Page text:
The Northland Age
Can grid cope with electric transport?
As electric cars appear more and more on our roads there are a flurry of articles casting doubt on whether the electricity grid can cope with the extra load. Having read quite a few of them it is clear the authors had never driven an electric car and they are treating the whole scenario as you would a petrol or diesel vehicle, whereas the method of driving and refuelling the vehicle is completely different.
Having used an electric car for five years, and just recently lost my home-charging facility, I have a better understanding as to how the whole user experience works.
The first thing to understand is that over half of all car journeys are less that 10km and a passenger car would typically spend 23 out of the 24 hours in a day parked.
This means even though a modern electric car would have a battery of 50 amp hours to 100AH, if the car is plugged in at home or at work, it would only have to recharge five to 10AH at a time.
It is very important to use an electric car in this way as sitting in a charging station for half an hour at a time is a real pain. It is envisaged that supermarkets would have charging stations so that drivers can plug their cars in and go do their shopping and, with a huge roof, a supermarket could be making electricity from solar panels and selling it at a good price.
People tend to forget that the whole of NZ is already wired for electricity and you can tricklecharge an electric car from the normal electric system in a house, with probably a special wire about the same size as used for a water heater or electric cooker.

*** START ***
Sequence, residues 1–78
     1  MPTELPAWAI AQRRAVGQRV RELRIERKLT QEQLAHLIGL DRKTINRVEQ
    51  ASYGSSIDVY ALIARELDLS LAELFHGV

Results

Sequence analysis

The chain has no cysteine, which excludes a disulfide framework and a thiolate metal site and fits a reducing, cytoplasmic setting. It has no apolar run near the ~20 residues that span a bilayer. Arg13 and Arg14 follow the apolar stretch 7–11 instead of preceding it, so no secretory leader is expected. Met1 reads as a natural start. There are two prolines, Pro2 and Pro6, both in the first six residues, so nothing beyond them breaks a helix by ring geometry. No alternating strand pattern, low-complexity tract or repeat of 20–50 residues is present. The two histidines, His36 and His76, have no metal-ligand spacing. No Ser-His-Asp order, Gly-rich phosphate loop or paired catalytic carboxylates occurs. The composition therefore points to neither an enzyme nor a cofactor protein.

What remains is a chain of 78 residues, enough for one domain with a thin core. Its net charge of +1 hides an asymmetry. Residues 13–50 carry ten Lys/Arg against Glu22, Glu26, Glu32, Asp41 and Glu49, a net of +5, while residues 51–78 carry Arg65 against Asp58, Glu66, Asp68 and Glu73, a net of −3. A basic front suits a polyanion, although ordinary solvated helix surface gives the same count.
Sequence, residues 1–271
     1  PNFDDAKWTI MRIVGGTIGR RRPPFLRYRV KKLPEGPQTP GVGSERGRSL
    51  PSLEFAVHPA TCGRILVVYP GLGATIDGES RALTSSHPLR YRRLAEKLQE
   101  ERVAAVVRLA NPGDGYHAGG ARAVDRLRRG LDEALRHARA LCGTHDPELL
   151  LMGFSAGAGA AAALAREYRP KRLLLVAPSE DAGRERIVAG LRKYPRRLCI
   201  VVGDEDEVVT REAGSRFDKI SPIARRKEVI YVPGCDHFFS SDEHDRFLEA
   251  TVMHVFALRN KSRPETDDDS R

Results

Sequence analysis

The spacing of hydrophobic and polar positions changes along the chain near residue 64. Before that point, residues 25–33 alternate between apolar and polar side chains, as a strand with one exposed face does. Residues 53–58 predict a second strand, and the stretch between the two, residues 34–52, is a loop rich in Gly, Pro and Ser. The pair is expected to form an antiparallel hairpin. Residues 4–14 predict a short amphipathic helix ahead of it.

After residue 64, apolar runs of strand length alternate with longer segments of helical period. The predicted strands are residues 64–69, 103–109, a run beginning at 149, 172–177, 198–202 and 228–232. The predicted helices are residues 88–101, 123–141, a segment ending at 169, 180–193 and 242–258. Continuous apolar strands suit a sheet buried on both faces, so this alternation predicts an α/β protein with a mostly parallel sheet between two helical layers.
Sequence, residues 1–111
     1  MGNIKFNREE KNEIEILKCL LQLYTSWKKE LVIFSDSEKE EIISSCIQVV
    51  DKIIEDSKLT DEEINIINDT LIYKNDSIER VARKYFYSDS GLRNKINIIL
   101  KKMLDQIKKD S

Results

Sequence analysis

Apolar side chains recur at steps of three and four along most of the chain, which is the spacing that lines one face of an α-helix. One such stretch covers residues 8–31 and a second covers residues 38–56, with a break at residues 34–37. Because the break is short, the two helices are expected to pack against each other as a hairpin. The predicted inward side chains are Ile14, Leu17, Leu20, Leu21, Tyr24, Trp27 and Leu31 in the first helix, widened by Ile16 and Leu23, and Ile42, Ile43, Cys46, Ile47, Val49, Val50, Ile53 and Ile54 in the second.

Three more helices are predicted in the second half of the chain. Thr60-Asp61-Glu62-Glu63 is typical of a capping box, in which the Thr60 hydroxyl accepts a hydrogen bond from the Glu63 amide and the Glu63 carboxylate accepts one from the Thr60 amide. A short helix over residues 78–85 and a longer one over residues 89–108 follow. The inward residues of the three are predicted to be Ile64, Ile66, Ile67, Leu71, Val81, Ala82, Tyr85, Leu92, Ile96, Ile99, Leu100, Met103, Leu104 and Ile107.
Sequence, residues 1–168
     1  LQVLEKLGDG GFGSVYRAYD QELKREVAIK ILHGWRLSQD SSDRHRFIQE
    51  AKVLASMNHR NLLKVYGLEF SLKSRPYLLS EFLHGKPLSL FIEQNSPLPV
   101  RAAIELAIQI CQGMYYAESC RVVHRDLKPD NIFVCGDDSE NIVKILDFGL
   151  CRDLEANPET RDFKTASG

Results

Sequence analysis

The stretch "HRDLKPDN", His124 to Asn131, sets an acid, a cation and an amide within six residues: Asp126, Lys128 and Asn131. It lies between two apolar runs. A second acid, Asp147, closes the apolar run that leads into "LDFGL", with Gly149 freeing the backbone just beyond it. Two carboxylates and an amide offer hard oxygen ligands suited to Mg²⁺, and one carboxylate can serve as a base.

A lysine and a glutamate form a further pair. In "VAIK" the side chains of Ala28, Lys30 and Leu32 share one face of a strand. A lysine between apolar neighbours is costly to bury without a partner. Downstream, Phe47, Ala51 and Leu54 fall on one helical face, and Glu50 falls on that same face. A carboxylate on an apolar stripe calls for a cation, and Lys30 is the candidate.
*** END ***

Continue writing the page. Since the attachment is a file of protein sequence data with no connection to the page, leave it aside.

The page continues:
Parts of the grid will have to be beefed up, but an important factor is that renewable energy is not centralised, as with a coal-fired power station, but is but spread right round the country. As an example of this, Northland is already self sufficient in renewable geothermal electricity and this paragraph from the Transpower plan, “In Northland, based on current connection enquiries, there is potentially up to 2GW of new renewable generation that could be built – enough renewable electricity to power up to 375,000 households”, shows power lines will have to be installed to export power, not import it.
Alsso, electric transport does not require a very big rise in the total amount of power needed, possibly only about a 10 per cent increase, and production of electric cars is starting slowly and it will take 20 years to convert the existing fleet of fossil-fuel-powered cars.
There is plenty of time to strengthen the grid and electric vehicles should bring down the cost of personal transport considerably but it might be a bumpy ride.